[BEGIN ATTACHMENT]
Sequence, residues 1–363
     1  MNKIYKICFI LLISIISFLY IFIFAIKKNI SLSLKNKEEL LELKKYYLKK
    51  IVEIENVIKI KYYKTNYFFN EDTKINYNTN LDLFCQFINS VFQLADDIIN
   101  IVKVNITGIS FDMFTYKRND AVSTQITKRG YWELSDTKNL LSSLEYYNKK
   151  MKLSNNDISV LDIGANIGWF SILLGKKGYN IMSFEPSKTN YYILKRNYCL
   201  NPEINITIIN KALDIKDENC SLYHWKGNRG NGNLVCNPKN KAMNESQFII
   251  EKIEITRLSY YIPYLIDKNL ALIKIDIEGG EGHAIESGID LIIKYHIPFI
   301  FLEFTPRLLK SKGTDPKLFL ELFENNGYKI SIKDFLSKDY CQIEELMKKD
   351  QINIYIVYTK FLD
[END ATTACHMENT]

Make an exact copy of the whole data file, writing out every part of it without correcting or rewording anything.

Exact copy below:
Sequence, residues 1–363
     1  MNKIYKICFI LLISIISFLY IFIFAIKKNI SLSLKNKEEL LELKKYYLKK
    51  IVEIENVIKI KYYKTNYFFN EDTKINYNTN LDLFCQFINS VFQLADDIIN
   101  IVKVNITGIS FDMFTYKRND AVSTQITKRG YWELSDTKNL LSSLEYYNKK
   151  MKLSNNDISV LDIGANIGWF SILLGKKGYN IMSFEPSKTN YYILKRNYCL
   201  NPEINITIIN KALDIKDENC SLYHWKGNRG NGNLVCNPKN KAMNESQFII
   251  EKIEITRLSY YIPYLIDKNL ALIKIDIEGG EGHAIESGID LIIKYHIPFI
   301  FLEFTPRLLK SKGTDPKLFL ELFENNGYKI SIKDFLSKDY CQIEELMKKD
   351  QINIYIVYTK FLD